Patients do not always read the directions regarding medications. We summarize common OTC overdoses/ingestions that can result in severe toxicity. We highlight common mis-dosed drugs, expected signs and symptoms, and ultimately prehospital treatment for these ingestions. This session is appropriate for all EMS levels.


1:15pm to 2:15pm
Prehospital Pain Management
Dr. Phillip Nawrocki | Allegheny Health Network

CONED: 1.0 Clinical Patient Care
SPONSORED BY Allegheny Health Network
This session will be a discussion of pain management in the prehospital environment. We will focus on a discussion of effective methods of assessing patient's pain in the prehospital setting, specific medications that may be utilized by BLS and ALS providers, as well as a discussion of the updates to the 2019 protocols with regards to analgesic use (Ketamine). This session is appropriate for all EMS levels.

They're Not Just Little Adults: Challenges in Assessing the Pediatric Patient
Dr. Sylvia Owusu Ansah | UPMC Children's Hospital of Pittsburgh

CONED: 1.0 Clinical Patient Care
This is a comprehensive and interactive overview of the pediatric assessment triangle (PAT) with a case based approach. The PAT is an evidence based tool that can be used in 30 - 60 seconds to quickly determine the acuity of a child and can determine whether a child is in respiratory distress and/or failure, has altered mental status, or shock. This helps to give you a rapid and visual tool to assess the severity of pediatric illness. This session is appropriate for all EMS levels.


2:30pm to 3:30pm
Death by Poisoning
Dr. Anthony Pizon | University of Pittsburgh Medical Center

CONED: 1.0 Clinical Patient Care
We summarize toxins that are extremely deadly, but infrequently encountered. This lecture highlights nerve agents, cyanide, and strychnine. Since exposures to these poisons are uncommon, but lethal, we focus on the identification of signs and symptoms associated with their exposure, and initiation of rapid pre-hospital treatment. This session is appropriate for all EMS levels.

Prehospital Management of Blast Injuries
Dr. Phillip Nawrocki | AHN LifeFLight and Critical Care Transport

CONED: 1.0 Clinical Patient Care
SPONSORED BY Allegheny Health Network
This session will discuss the pathophysiology and mechanisms of the various types of blast injury using a case based discussion.  Specific focus will be on the initial considerations for approaching explosive incidents, a discussion of injuries related to blast trauma, as well as an overview of the management of injuries that may occur following explosive incidents. This session is appropriate for all EMS levels.


3:45pm to 4:45pm
New Technology for the Acute Management of Seizures
Dr. Jayant Acharya | Penn State University Hershey Medical Center

CONED: 1.0 Clinical Patient Care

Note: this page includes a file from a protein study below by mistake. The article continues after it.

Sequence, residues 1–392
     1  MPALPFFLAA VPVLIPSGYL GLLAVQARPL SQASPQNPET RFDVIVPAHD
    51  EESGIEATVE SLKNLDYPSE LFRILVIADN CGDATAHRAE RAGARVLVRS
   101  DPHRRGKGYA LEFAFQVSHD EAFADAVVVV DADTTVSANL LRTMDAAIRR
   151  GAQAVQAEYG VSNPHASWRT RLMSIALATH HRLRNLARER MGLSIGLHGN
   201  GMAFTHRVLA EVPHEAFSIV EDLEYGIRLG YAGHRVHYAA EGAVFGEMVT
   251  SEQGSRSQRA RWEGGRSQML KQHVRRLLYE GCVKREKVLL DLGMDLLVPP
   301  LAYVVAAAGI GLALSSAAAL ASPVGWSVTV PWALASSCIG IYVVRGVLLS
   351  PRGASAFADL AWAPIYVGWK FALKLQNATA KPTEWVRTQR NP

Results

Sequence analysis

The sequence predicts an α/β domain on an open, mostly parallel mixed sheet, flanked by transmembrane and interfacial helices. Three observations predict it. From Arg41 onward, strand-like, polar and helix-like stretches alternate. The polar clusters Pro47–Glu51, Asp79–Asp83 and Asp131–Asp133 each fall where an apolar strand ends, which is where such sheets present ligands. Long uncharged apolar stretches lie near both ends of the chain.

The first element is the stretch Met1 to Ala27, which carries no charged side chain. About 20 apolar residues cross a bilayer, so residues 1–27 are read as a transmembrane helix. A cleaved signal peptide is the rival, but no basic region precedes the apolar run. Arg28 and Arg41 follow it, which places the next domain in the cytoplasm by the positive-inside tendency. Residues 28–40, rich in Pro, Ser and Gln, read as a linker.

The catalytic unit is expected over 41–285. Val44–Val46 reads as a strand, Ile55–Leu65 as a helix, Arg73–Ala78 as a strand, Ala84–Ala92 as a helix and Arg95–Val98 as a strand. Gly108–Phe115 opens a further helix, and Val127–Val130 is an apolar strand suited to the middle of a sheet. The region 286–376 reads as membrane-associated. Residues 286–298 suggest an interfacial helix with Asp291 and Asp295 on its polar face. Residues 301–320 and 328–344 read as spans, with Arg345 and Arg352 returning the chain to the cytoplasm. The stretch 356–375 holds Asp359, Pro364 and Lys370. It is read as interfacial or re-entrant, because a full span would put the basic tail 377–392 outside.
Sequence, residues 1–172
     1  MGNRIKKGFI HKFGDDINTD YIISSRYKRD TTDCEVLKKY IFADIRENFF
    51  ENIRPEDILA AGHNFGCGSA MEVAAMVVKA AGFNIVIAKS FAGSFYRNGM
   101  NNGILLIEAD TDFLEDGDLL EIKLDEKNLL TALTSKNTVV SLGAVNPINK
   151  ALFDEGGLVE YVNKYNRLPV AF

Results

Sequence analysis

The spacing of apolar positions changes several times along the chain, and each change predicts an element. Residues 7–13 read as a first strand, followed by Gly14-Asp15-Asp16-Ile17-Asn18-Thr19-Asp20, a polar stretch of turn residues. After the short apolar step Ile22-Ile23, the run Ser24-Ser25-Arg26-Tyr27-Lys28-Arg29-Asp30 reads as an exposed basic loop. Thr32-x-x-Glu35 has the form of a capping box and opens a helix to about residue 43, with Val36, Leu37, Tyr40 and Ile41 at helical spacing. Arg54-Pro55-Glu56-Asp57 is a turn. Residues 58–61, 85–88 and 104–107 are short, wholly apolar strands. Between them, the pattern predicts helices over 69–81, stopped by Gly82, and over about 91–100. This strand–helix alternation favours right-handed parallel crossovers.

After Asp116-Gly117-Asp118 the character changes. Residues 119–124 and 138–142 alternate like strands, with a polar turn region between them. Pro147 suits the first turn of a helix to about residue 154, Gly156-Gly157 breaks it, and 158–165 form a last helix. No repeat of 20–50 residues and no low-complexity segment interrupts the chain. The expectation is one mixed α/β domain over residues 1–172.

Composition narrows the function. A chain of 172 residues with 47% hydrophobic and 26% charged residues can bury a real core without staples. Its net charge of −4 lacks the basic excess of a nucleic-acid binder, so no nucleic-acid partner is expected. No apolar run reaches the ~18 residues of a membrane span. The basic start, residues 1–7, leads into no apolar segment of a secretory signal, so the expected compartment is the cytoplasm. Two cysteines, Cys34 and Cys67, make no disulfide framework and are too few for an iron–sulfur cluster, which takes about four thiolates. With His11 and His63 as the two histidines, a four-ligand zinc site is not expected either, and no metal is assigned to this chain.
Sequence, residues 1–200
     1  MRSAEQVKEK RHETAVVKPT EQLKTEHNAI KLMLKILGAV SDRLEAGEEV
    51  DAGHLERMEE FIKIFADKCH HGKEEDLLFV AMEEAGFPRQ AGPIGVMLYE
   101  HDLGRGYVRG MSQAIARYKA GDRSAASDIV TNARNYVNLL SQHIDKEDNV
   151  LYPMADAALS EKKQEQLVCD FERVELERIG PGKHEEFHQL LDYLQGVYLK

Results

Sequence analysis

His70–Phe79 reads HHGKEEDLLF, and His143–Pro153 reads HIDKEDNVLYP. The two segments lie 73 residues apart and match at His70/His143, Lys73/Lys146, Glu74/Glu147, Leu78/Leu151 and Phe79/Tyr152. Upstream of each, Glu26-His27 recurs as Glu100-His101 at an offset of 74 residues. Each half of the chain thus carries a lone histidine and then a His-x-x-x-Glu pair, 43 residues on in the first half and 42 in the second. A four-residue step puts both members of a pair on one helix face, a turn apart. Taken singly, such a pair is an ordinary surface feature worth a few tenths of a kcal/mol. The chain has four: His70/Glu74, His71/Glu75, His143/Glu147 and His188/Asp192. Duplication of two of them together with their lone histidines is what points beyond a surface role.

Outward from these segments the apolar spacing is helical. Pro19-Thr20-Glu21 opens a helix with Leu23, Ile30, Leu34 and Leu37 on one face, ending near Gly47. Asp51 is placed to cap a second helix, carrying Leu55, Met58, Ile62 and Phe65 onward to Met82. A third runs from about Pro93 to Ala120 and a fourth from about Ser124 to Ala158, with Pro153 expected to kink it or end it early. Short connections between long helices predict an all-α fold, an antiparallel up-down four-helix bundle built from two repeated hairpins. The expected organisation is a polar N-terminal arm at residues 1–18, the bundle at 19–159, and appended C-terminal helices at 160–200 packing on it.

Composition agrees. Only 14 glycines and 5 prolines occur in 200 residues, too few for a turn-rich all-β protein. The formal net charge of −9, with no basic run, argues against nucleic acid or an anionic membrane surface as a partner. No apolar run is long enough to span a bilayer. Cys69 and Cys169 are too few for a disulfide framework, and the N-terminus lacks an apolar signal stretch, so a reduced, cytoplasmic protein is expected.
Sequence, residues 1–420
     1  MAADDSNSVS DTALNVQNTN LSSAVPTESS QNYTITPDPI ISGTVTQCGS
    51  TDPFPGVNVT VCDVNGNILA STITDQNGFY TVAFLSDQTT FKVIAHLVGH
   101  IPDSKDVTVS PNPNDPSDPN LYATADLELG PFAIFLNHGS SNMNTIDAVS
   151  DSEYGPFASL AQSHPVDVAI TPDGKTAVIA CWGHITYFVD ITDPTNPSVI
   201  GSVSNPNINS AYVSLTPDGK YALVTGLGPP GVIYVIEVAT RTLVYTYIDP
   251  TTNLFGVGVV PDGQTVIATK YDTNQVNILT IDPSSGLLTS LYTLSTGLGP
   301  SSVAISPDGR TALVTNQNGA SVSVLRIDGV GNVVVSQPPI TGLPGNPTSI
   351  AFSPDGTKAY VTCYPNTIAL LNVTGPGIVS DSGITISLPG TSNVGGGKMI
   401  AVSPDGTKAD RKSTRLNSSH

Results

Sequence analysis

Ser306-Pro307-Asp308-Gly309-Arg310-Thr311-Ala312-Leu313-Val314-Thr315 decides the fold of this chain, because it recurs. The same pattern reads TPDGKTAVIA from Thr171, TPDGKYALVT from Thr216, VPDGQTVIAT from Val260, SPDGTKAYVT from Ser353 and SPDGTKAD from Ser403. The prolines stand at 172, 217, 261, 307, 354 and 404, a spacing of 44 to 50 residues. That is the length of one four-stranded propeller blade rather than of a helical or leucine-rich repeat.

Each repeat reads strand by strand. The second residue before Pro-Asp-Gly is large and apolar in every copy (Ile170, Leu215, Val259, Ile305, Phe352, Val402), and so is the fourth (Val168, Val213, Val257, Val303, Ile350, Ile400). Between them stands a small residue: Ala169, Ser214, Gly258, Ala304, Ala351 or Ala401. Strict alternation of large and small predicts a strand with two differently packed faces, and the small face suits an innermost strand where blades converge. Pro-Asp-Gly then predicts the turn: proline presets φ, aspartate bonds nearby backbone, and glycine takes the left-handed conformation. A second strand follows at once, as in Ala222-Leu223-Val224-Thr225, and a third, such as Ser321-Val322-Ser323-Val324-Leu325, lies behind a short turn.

EMS providers are often called to evaluate patients with seizures, as seizures can cause permanent brain damage or death if they are not treated promptly. With the development of new technology in the last two decades, including devices for seizure detection and neurostimulation, the approach to the early detection and management of seizures has changed. It is important for EMS providers to become familiar with these advances and with their practical use in clinical settings. This session will provide an overview of our current understanding about seizures and epilepsy, and describe the traditional management of seizures as well as the use of new and emerging technology. This session is appropriate for all EMS levels.

Pedal to the Metal: How Much does Prehospital Time Matter for Your Trauma Patient?
Dr. Joshua Brown | UPMC Critical Care Medicine

CONED: 1.0 Clinical Patient Care
The Golden Hour. The Platinum Ten Minutes, all staples of prehospital trauma care. But where did they come from and what's the evidence behind them? Does every trauma patient have to get to the hospital ASAP? What are the risks of putting the "pedal to the metal"? We explore evidence for the relationship between prehospital time and outcomes in the injured patient and put together a practical approach for you in the field. Some of the approaches to these may surprise you! This session is appropriate for all EMS levels.


6:00pm to 7:00pm
Pediatric Burn Management
Dr. Ariel Aballay | West Penn Burn Center

CONED: 1.0 Clinical Patient Care
SPONSORED BY Allegheny Health Network
Allegheny Health Network West Penn Hospital Burn Center (AHN WPH) is the only burn center in eastern PA verified eight times by the American Burn Association/American College of Surgeons for care of pediatric, as well as adult burn patients.  A presentation will be conducted discussing general care regarding pediatric burn population.  Patient Triage guidelines will highlight the initial management, fluid resuscitation for burns, and stabilization before transfer to the burn center. When it comes to the pediatric patient, the burn injury statistics are alarming. The presenter will provide a detailed discussion on the specialized care of this very vulnerable population.  Children have physiological and anatomical differences that warrant special attention when managing the burn injuries.  This session is appropriate for all EMS levels.